feline distemper

noun
distemper1 ( def 1c ).
Also called feline agranulocytosis, feline infectious enteritis, feline panleukopenia.


Origin:
1940–45

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Based on the Random House Dictionary, © Random House, Inc. 2014.
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Encyclopedia Britannica
Encyclopedia

feline distemper

viral disease of cats, kittens two to six months old being most susceptible. Highly contagious, it is caused by a parvovirus that is closely related to canine parvovirus type 2. About 3 to 10 days after exposure to the disease, infected kittens cough and sneeze, have running eyes and nose, are feverish, lose their appetites, vomit, and have diarrhea. The number of white cells in the blood drops severely. The disease rarely lasts more than a week, but the mortality rate is high. An antigen test is available, as are vaccines that offer effective immunity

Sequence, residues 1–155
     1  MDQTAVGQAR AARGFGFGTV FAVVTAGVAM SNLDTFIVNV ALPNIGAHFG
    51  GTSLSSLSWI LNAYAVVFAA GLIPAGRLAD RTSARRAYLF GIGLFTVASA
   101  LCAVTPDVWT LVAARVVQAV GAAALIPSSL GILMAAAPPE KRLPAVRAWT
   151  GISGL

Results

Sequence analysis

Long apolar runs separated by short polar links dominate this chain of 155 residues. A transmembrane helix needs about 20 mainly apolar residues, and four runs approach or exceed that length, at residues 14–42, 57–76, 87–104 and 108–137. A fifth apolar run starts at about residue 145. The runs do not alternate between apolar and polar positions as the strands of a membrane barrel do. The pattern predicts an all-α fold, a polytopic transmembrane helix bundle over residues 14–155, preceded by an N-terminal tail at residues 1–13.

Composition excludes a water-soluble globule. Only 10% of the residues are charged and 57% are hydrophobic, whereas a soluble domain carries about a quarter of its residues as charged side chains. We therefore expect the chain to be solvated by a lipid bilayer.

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Encyclopedia Britannica, 2008. Encyclopedia Britannica Online.
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Example sentences
Bobcats are subject to feline distemper, and prey availability is an important population control.
Rabies vaccinations as well as canine and feline distemper vaccinations are available.
Other threats include parasites, diseases such as feline distemper and upper respiratory infections, and inbreeding depression.
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